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Did the Buddha teach that we have choice? - Page 6 - Dhamma Wheel

Did the Buddha teach that we have choice?

Exploring Theravāda's connections to other paths. What can we learn from other traditions, religions and philosophies?
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tiltbillings
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Re: Did the Buddha teach that we have choice?

Postby tiltbillings » Sun Nov 21, 2010 6:19 am


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robertk
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Re: Did the Buddha teach that we have choice?

Postby robertk » Sun Nov 21, 2010 6:21 am


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tiltbillings
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Re: Did the Buddha teach that we have choice?

Postby tiltbillings » Sun Nov 21, 2010 6:28 am


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Hanzze
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Re: Did the Buddha teach that we have choice?

Postby Hanzze » Sun Nov 21, 2010 6:59 am

*dancing the monkey dance*
Just that! *smile*


BUT! it is important to become a real Buddhist first. Like Punna did: Nate sante baram sokham _()_

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tiltbillings
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Re: Did the Buddha teach that we have choice?

Postby tiltbillings » Sun Nov 21, 2010 7:03 am

The monkey needs to calm itself down, though according to Alex, that is impossible.

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tiltbillings
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Re: Did the Buddha teach that we have choice?

Postby tiltbillings » Sun Nov 21, 2010 7:07 am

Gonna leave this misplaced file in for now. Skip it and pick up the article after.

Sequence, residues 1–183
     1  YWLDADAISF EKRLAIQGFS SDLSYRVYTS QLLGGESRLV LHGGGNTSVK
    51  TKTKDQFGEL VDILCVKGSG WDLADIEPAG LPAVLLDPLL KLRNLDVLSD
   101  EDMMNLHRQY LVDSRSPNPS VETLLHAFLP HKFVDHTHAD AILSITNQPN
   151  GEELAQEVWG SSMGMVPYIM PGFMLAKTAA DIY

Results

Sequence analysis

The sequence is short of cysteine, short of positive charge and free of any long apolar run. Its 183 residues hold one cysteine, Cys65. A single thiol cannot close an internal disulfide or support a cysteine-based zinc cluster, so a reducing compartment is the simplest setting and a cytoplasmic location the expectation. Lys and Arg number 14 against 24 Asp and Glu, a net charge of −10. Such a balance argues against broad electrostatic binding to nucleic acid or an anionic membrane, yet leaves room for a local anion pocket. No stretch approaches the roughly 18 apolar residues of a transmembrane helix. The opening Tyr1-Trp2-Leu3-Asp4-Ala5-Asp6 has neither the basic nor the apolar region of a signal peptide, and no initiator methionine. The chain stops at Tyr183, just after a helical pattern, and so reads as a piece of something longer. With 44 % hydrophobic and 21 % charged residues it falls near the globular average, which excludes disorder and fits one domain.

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Hanzze
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Re: Did the Buddha teach that we have choice?

Postby Hanzze » Sun Nov 21, 2010 7:12 am

Just that! *smile*


BUT! it is important to become a real Buddhist first. Like Punna did: Nate sante baram sokham _()_

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Kim OHara
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Re: Did the Buddha teach that we have choice?

Postby Kim OHara » Sun Nov 21, 2010 11:01 am

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Re: Did the Buddha teach that we have choice?

Postby Individual » Sun Nov 21, 2010 3:53 pm

The best things in life aren't things.


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Alex123
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Re: Did the Buddha teach that we have choice?

Postby Alex123 » Sun Nov 21, 2010 5:08 pm

"Life is a struggle. Life will throw curveballs at you, it will humble you, it will attempt to break you down. And just when you think things are starting to look up, life will smack you back down with ruthless indifference..."

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Alex123
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Re: Did the Buddha teach that we have choice?

Postby Alex123 » Sun Nov 21, 2010 5:30 pm

"Life is a struggle. Life will throw curveballs at you, it will humble you, it will attempt to break you down. And just when you think things are starting to look up, life will smack you back down with ruthless indifference..."

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Re: Did the Buddha teach that we have choice?

Postby Individual » Mon Nov 22, 2010 12:55 am

The best things in life aren't things.


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Re: Did the Buddha teach that we have choice?

Postby mikenz66 » Mon Nov 22, 2010 2:40 am


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Dan74
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Re: Did the Buddha teach that we have choice?

Postby Dan74 » Mon Nov 22, 2010 3:25 am

I guess this discussion calls for a closer investigation of this dynamic of choice. To an arahat, the choice of right action is clear and is practically not a choice at all, it would seem. There is what in Mahayana is called according with the causes and conditions, I believe.

I will give it a shot in anticipation of being happily pulled to shreds. ;)